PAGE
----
That night when he came home from work, he was preemptively angry with me. (This is where I realize the gaslighting comes in) He had worked himself up all afternoon, thinking that I was going to be mad at him when he came home (and rightfully so) that he worked himself into being angry at me.
When he came through the door I was given a decision – I was to forgive him, or I was to forgive him. That’s all there was to it. He didn’t want to talk about it. He didn’t want to hear that I was angry with him, or why I was angry with him. He wanted it to be ignored, and for everything to be fine. He was very aggressive in his trying to convince me that everything was fine.
I told him that I did not accept that.
In a fit of anger, he went downstairs to… I don’t know. He clearly wasn’t interested in talking about what caused him to steal my credit card, so I decided I was going to go for a walk. Perhaps, if he was wondering where I was, it would prompt him to think twice about the fact that we needed to talk about how violated I felt.
That wasn’t the case.
He didn’t even notice that I was gone.
About an hour later, when he came back upstairs, I don’t recall exactly what he said but it was along the lines of ‘Have you decided to forgive me yet?’ Also that I needed to stop being a bitch to him and stop reading too much into this.
When I told him that I didn’t forgive him, he yelled. He screamed. He pounded his fist against his open hand. It was one of the scariest nights of my life, to be honest. I thought he might hit me. And, since he was considerably stronger than I, I knew it wouldn’t be good for me if he did.
The audacity of a man to steal his girlfriend’s credit card, and then be angry with her when she wants an apology. That’s the kind of emotional abuse that, looking back, I now realize I dealt with on the regular.
At this point, he decided that he was going to go to bed. Bruiser and Gabe were sitting on me, as they believed they were protecting me, I am sure. He called them and said ‘we’re going to bed.’ and something along the lines of maybe I wouldn’t be such a bitch in the morning.
Bruiser and Gabe did not go to him.
He called them a few more times and they did not leave my side. This made him extremely angry. More so than he already was. He said something along the lines of ‘You’re my fucking dogs, you’ll come when I call you’ and he walked over to me and ripped Gabe out of my hands, picking him up by the skin on his neck. The dog was struggling to breathe and he didn’t care.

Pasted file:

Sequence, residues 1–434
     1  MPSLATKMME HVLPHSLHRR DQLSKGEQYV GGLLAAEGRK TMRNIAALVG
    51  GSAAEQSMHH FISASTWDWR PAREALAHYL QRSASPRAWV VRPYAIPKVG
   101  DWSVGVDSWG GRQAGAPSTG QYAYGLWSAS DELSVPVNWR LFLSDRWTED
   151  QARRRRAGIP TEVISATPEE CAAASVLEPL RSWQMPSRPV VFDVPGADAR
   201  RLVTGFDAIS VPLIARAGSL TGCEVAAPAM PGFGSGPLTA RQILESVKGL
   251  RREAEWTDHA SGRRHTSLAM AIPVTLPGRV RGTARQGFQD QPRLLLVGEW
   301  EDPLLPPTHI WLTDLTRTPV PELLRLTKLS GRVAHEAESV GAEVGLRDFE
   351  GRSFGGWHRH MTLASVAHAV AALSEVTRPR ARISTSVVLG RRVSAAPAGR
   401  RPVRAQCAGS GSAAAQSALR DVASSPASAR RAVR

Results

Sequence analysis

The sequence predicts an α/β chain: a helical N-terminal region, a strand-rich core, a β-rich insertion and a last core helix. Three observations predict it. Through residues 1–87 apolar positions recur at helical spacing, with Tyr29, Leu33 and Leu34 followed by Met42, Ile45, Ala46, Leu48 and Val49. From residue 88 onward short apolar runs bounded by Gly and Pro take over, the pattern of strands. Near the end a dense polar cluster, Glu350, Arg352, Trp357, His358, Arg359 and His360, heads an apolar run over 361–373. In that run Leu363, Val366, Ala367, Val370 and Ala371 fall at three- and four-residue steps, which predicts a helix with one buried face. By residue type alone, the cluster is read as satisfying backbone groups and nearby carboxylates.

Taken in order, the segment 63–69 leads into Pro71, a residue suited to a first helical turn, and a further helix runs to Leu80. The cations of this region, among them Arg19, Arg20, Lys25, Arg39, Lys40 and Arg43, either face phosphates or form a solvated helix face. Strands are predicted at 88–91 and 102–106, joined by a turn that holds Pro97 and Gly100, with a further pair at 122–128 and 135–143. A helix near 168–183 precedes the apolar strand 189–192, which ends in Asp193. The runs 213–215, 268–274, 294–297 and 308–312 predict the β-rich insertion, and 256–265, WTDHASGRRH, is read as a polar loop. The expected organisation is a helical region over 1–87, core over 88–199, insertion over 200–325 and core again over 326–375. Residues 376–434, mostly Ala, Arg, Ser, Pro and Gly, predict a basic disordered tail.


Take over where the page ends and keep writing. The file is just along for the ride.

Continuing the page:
When I told him he was hurting Gabe and that he can’t do that, he responded with something along the lines of ‘they’re my dogs, I can do whatever the fuck I want to them’ and he turned around and threw Gabe at the wall.
He threw a six pound dog against the wall.
It was horrifying. It was one of the worst things I’ve ever seen in my entire life. I was so scared I couldn’t move.
Bruiser, realizing that he’d just hurt Gabe, started barking angrily at him as Gab scampered off towards the corner crying. In response to Bruiser barking at him, he picked up Bruiser by the neck and threw him against the wall.
Bruiser ran off immediately. He ran and hid in the far back corner under one of the beds. Gabe was still in the corner where I could see him. I don’t really remember what happened after this point, other than my saying I was going to call the police and that animal abuse could put you in jail. He stormed off out the front door, got in his car and drove away.
At this point in time, I scooped up Gabe and went to go find Bruiser. I couldn’t coax Bruiser out of the deep corner of the room under the bed where he was hiding, so I thought of what I knew of the dog, he would stay there all night and I could grab him in the morning when he came out.
This all took place in a very small town. I think the population was 5,000? There wasn’t anywhere for me to go. I didn’t know anyone except for my ex. There weren’t busses. I didn’t have a car. The one taxi driver in town stopped working at 5:00 pm every day. I didn’t feel like I had a lot of options.
So, I took Gabe and I locked myself in a room.
I slept on the cement floor of that room and Gabe stayed curled up next to me the whole night.
The next morning, I got my things and I left. I paid $100 plus dollars to get a ride to a hotel in a nearby town and I stayed there until I could get someone to come and get me.
I should’ve stayed away after that.
I think it’ll probably be a decision that I look back on for the rest of my life with regret that I ever talked to him after that. But sadly, this was not the end of our story. Though I had left, I continued to answer his text messages and phone calls. I don’t know why. I would say love. Perhaps some of it was out of love. I think some of it was out of sheer, misunderstanding and stupidity. I wasn’t looking at how awful our entire relationship was. I was treating it like it was one mistake he made, instead of it being the cultivation of months of mistreatment, gaslighting and emotional abuse. I’m ashamed to admit that I talked to him after that. I’m ashamed to admit this wasn’t the end of our story.
Why didn’t I call the police that night? I can’t tell you. I was afraid? I thought the police might make it worse? I honestly don’t know. I should’ve called the police. Perhaps if I had, I would’ve had more strength to stay away after I left. Perhaps this whole story could’ve stopped right here.
But it didn’t.